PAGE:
[Show abstract][Hide abstract] ABSTRACT: To facilitate studies of neural network architecture and formation, we generated three Drosophila melanogaster variants of the mouse Brainbow-2 system, called Flybow. Sequences encoding different membrane-tethered fluorescent proteins were arranged in pairs within cassettes flanked by recombination sites. Flybow combines the Gal4-upstream activating sequence binary system to regulate transgene expression and an inducible modified Flp-FRT system to drive inversions and excisions of cassettes. This provides spatial and temporal control over the stochastic expression of one of two or four reporters within one sample. Using the visual system, the embryonic nervous system and the wing imaginal disc, we show that Flybow in conjunction with specific Gal4 drivers can be used to visualize cell morphology with high resolution. Finally, we demonstrate that this labeling approach is compatible with available Flp-FRT-based techniques, such as mosaic analysis with a repressible cell marker; this could further support the genetic analysis of neural circuit assembly and function.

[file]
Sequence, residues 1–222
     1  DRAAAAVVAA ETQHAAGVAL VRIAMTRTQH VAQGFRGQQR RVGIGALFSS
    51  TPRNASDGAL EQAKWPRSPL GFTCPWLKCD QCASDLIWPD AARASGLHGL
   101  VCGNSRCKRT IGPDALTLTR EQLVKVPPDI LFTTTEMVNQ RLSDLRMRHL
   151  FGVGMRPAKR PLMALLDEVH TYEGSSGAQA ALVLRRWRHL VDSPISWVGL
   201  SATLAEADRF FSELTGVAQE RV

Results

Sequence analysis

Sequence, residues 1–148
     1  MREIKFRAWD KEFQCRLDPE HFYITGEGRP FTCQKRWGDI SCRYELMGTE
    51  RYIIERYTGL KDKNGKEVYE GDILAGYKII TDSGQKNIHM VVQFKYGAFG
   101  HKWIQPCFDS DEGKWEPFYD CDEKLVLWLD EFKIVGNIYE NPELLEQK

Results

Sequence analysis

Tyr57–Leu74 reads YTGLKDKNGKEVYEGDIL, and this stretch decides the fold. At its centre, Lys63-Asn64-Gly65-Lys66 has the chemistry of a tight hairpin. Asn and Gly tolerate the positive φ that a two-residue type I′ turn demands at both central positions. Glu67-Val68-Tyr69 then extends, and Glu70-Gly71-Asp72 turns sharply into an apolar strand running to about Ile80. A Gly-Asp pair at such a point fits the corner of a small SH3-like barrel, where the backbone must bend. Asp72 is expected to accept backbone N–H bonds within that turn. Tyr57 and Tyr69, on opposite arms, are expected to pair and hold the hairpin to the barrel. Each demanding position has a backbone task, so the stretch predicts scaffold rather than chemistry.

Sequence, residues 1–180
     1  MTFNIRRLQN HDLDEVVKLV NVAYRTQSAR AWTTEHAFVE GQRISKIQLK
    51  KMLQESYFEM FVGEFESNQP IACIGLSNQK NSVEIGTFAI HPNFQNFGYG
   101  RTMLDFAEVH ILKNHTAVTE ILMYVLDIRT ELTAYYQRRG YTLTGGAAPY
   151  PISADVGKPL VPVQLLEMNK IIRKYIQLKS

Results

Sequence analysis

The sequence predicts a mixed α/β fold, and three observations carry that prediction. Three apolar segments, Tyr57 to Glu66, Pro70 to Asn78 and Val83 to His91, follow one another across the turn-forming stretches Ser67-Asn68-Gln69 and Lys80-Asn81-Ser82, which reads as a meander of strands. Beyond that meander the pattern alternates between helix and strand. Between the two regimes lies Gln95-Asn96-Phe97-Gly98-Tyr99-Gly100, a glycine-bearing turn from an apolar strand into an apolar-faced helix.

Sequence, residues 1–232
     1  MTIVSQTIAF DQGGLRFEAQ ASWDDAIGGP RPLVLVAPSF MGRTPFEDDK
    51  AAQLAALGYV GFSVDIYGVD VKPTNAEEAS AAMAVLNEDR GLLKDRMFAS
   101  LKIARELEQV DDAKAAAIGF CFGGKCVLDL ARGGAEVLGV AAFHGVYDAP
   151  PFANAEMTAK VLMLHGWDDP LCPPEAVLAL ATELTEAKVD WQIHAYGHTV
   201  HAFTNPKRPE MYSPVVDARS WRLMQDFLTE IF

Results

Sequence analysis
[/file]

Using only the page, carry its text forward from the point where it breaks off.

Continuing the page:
[Show abstract][Hide abstract] ABSTRACT: The ability of vertebrates and insects to perceive and process information about the visual world is mediated by neural circuits, which share a strikingly conserved architecture of reiterated columnar and layered synaptic units. Recent genetic approaches conferring single-cell resolution have enabled major advances in our understanding of the cellular and molecular strategies that orchestrate visual circuit assembly in Drosophila. Photoreceptor axon targeting relies on a sequence of interdependent developmental steps to achieve temporal coordination with the formation and maturation of partner neurons. Distinct targeting events depend on anterograde and autocrine signaling, neuron-glia interactions, axon tiling and the timely expression of homophilic cell surface molecules. These mediate local adhesive or repulsive interactions of photoreceptor axons with each other and with target neurons.
Current opinion in neurobiology 02/2011; 21(1):76-84. DOI:10.1016/j.conb.2010.07.012 · 6.63 Impact Factor